Every great entrepreneur I know has at least two things in common. First, they are obsessed with data. That’s because business owners know that information, applied correctly, is power. The second commonality is a competitive nature — they all like to win. It doesn’t matter what the contest is. Entrepreneurs simply thrive on winning, both in business and in life.
Perhaps part of my affinity for my Fitbit, which I’ve worn almost 24 hours a day for more than two years, is that it feeds both of these desires: it gives me real-time data about my own performance while fueling my competitive spirit.
I ordered the device after reading Tom Rath’s book Eat, Move, Sleep in late 2013. It’s a compelling, well-researched guide which asserts, among other things, that good health centers around nailing three things: eating right, moving enough and sleeping enough. Rath says 10,000 steps per day has been repeatedly shown to be about the amount of daily steps an adult needs to dramatically improve his or her long-term health. So, I got a Fitbit and vowed to walk 10,000 steps each day (I soon upped my daily goal to 10,100 after reading this must-read article by James Clear about the power of improving everything in your life by one percent).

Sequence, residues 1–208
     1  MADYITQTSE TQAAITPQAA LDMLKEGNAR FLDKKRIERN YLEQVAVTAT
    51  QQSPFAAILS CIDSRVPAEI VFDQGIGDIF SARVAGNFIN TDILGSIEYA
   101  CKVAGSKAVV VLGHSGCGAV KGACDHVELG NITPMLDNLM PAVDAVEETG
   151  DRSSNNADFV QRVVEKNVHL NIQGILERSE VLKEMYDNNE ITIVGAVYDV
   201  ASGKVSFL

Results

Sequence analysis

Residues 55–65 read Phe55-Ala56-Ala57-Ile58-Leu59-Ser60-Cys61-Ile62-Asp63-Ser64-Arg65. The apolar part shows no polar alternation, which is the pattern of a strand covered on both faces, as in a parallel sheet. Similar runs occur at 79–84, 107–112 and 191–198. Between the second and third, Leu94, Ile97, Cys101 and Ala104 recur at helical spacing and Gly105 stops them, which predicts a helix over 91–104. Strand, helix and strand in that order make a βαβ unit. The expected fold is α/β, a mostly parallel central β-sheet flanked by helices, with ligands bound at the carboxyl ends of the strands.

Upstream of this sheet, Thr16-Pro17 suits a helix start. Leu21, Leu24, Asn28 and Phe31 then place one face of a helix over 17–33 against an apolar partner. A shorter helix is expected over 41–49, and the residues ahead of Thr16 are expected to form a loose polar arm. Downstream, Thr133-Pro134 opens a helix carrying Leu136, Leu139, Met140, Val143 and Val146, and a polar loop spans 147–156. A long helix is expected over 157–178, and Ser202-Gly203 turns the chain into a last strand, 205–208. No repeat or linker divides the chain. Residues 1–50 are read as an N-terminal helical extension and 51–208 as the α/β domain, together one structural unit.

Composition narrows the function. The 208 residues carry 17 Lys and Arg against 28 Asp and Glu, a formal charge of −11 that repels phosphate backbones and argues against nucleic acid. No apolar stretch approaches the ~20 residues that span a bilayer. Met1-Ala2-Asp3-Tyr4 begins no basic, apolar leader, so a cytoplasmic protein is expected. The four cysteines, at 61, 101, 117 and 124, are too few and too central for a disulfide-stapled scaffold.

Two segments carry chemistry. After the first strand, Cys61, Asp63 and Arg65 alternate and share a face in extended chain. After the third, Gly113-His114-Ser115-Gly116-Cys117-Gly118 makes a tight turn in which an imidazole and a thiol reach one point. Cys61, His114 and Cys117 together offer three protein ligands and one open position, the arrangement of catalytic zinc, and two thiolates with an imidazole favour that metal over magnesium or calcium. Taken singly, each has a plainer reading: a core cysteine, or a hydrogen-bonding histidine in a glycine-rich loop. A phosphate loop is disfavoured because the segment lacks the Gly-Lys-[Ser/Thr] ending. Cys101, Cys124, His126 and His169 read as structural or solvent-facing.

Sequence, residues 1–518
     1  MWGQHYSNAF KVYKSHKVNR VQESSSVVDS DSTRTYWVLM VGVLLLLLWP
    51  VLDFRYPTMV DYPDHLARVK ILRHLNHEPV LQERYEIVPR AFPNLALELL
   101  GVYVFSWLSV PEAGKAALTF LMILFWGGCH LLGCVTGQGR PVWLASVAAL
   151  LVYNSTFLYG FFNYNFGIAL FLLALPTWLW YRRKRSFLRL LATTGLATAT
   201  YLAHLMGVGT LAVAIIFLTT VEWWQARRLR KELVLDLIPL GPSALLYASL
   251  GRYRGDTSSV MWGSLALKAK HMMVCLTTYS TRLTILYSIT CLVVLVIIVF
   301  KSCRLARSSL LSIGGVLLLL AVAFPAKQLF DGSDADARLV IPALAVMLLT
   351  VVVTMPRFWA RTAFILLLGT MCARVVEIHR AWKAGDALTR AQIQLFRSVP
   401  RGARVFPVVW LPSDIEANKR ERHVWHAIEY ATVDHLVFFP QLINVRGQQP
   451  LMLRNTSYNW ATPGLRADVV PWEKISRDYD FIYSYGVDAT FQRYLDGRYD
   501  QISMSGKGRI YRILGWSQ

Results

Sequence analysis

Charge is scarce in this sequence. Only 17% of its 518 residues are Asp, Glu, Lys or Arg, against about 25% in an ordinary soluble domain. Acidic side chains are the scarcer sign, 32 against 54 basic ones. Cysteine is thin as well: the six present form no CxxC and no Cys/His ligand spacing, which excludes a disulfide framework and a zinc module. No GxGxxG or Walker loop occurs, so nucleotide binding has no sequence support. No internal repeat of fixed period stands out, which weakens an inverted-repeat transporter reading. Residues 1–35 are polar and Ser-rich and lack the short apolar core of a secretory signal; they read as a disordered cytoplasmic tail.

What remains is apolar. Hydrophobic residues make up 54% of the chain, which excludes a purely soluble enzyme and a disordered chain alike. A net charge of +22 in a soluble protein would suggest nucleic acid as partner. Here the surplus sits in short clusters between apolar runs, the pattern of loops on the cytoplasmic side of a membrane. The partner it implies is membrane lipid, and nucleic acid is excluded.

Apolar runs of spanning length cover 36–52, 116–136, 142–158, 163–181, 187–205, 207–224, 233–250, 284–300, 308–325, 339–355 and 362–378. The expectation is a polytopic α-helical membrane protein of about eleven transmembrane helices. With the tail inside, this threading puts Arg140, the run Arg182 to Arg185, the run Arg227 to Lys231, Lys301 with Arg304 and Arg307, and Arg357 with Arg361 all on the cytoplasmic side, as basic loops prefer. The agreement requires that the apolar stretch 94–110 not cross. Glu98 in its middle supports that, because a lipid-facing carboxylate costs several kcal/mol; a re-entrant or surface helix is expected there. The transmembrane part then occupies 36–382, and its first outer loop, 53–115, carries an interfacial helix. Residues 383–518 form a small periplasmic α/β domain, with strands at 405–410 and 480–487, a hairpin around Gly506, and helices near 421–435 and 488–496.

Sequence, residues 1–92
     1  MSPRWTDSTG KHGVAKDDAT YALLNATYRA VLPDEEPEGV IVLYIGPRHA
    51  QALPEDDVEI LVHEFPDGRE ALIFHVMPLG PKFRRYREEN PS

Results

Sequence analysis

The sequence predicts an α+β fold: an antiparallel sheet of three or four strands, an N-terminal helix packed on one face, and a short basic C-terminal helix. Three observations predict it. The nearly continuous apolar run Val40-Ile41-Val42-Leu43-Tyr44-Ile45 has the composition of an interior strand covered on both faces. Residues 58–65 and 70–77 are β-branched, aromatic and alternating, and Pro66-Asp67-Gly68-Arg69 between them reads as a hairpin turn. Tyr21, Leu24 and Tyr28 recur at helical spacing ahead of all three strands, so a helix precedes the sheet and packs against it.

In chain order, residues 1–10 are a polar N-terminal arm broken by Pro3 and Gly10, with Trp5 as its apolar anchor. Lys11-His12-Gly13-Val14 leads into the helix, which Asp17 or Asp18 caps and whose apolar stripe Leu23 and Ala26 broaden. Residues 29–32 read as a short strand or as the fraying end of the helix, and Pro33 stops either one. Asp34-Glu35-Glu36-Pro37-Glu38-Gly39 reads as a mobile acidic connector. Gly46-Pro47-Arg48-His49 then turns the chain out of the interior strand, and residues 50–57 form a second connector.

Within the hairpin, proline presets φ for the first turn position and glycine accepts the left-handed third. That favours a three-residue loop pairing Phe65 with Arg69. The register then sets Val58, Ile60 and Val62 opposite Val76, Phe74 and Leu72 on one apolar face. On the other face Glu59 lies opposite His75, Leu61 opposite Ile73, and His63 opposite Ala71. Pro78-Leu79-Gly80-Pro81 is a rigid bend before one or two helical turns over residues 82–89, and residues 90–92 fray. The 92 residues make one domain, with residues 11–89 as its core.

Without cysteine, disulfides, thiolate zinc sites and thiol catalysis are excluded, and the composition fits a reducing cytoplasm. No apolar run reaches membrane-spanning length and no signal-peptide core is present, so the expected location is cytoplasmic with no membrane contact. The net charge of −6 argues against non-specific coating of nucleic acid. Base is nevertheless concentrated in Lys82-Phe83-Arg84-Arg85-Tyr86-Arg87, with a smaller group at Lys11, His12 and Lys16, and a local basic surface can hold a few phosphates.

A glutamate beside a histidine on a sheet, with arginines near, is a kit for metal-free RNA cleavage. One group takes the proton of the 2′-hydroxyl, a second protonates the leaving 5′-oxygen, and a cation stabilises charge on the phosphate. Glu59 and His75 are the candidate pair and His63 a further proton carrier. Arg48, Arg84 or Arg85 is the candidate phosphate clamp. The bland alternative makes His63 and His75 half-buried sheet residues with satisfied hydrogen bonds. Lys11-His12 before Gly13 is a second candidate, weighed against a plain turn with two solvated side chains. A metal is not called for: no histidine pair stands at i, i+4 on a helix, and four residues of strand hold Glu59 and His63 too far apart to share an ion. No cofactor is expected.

In the years since I began tracking my daily activity — including steps, exercise, sleep, water intake, and sometimes meals — I’ve become a major Fitbit advocate. I’ve purchased the wearable trackers for about a dozen friends and family members. Despite my enthusiastic endorsements, many became part of the estimated 50 percent of people who stopped wearing them within a year. However, almost all of my entrepreneur friends have remained part of the Fitbit Faithful. I firmly believe that wearing a Fitbit makes me be a better business owner, and it can do the same for you. Here are five reasons why.
Brittany Hodak is the co-founder of ZinePak, a marketing agency that creates custom content projects for superfans, and Per Diems Against Poverty, a 501(c)(3) that makes it simple for pro athletes and entertainers to reallocate their contractual per diems to the 1 in 7 Americans struggling with hunger. She is a regular entertainment contributor to Forbes.
BusinessCollective, launched in partnership with Citi, is a virtual mentorship program powered by North America’s most ambitious young thought leaders, entrepreneurs, executives and small business owners.